Everyone loves having a new vehicle! After a few years, your old one just doesn’t seem to be that exciting anymore and you walk in a dealership “just to take a look around” and end up walking out having made a spontaneous purchase on a new car. It seems like a good deal because of “low interest rates” or “the payments aren’t that much more than I’m already paying”, and that may be true, but you are certainly locking yourself in to payments for an even longer term. Let me crunch some numbers for you! For this example, I’m going to ignore the interest expense and just look at the cash flow effect of an increased auto loan payment.
- Let’s say your current auto loan payment is $300/month and you want to buy a vehicle that will be $450/month. To afford an additional $150/month in after tax cash you would need to make $230/month more money or get a $1.44/hr raise!¹ Think about it this way… Would you be happy to keep your current vehicle if it meant you got a $1.44/hr raise?
- Now the second component besides the increased payment amount is the increased term of the loan. Maybe you traded in a vehicle for $300/month and got a new one for $300/month BUT the new vehicle has added 5 more years onto the life of the loan. For those 5 years, you need to make $450/month² gross income to cover the payments. This represents $5,400 per year and $27,000 over 5 years! Think about it this way… Would you be happy to keep your current vehicle if it meant you got a $5,400 annual bonus for the next 5 years after paying off the auto loan?
- I realize this is a pretty crazy concept to wrap your head around, so let me use my personal finances as an example. I used to pay $300/month for my car loan (2008 VW City Golf) and $400/month for my truck loan (2009 Chevy Silverado). I worked at paying off those debts and now both vehicles are paid. That $700/month savings represents $12,800 in annual salary that I don’t have to make. I can cut down to part-time hours if I wanted because I now need to work less to cover my expenses. If I continue to work the same amount, it means I have an extra $700 every month to spend or save. CASH FLOW, my friends! Sure, I’m not driving a fancy car, but maybe I’ll go to Europe next year, or work 4 days a week instead of 5.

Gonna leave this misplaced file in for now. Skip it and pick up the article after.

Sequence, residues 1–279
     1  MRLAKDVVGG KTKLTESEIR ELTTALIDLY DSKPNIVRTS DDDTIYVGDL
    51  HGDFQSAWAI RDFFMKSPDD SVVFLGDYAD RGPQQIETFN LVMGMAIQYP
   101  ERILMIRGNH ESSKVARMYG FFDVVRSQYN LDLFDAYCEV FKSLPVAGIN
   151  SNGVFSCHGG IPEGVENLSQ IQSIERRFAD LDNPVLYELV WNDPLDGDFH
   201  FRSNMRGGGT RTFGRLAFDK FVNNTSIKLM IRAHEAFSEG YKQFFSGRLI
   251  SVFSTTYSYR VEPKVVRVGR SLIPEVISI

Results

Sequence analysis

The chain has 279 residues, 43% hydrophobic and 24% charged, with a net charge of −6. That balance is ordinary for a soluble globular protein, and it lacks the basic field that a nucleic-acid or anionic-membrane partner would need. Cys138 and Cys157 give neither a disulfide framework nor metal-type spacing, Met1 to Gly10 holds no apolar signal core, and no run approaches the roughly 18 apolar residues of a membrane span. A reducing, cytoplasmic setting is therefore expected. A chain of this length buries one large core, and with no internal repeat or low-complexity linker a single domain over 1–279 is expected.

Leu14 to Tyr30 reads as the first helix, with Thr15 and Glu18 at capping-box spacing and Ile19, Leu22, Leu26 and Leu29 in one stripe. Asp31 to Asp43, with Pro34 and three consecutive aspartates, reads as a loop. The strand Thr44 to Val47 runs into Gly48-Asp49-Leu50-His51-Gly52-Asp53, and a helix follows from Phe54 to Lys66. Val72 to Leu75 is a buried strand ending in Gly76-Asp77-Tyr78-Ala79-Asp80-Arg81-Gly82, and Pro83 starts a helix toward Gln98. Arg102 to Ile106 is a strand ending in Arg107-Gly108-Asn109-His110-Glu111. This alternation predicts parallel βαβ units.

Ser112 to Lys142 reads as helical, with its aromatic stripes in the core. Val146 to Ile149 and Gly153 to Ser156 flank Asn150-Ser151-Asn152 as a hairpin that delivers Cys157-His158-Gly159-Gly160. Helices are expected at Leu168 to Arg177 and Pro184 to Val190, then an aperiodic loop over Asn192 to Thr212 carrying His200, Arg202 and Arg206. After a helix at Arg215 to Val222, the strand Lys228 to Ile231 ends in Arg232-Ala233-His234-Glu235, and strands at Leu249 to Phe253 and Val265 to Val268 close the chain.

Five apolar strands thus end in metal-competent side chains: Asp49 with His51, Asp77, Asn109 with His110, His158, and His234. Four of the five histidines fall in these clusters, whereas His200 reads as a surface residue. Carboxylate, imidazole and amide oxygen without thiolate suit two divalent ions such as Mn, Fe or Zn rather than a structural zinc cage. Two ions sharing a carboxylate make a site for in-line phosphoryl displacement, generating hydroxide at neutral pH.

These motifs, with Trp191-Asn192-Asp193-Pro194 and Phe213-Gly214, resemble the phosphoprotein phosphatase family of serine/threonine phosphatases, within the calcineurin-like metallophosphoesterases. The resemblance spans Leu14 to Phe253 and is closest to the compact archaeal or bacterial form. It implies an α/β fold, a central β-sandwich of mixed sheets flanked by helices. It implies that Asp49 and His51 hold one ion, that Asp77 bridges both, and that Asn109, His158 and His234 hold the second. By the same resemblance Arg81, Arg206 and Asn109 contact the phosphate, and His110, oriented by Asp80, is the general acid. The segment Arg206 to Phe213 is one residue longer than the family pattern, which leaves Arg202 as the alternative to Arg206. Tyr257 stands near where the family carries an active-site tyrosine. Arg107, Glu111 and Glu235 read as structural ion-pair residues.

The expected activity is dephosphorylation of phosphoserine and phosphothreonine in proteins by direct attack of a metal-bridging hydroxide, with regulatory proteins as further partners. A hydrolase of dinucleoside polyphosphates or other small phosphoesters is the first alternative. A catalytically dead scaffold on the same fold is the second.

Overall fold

Don’t buy stuff you can’t afford.
This clip from an old SNL sketch says it all. If you want to buy something non-essential and you have to use a credit card to pay for it – don’t buy it. Of course, I’m guilty of this as much as anyone. That’s how I racked the credit card up in the first place! It takes a serious change in your mindset to stop being okay with putting purchases on a credit card. If it helps, take the card out of your wallet and leave it at home.
Thanks for reading PART 1 of this post – Jump to Simple Tips for Financial Freedom – PART 2!
Until next time,
About the Author:
Alicia Loewen is a certified Platinum QuickBooks Online ProAdvisor and the owner of Coastal Tax and Accounting Services on Vancouver Island, BC. Coastal Tax is a modern accounting firm and offers all services remotely using online and paperless software to make bookkeeping and tax preparation as painless as possible. Contact Alicia to set up a free consultation.
¹Calculation is based on $48,000 annual salary vs. $50,760 annual salary working full time.
²Calculation is based on $48,000 annual salary vs. $53,400 annual salary working full time.
Disclaimer: I want to take a minute to recognize that not everyone has access to the same advantages in life that I’ve had. My status as a Caucasian, straight, cis-gendered female from a middle class family with access to good education puts me at a starting point of significant privilege. If you are using a credit card to put food on your table, I feel for you, and I really do hope your situation improves. This post is not written for you. This post is geared towards people making a middle-class income who are wanting to get a handle on their personal finances.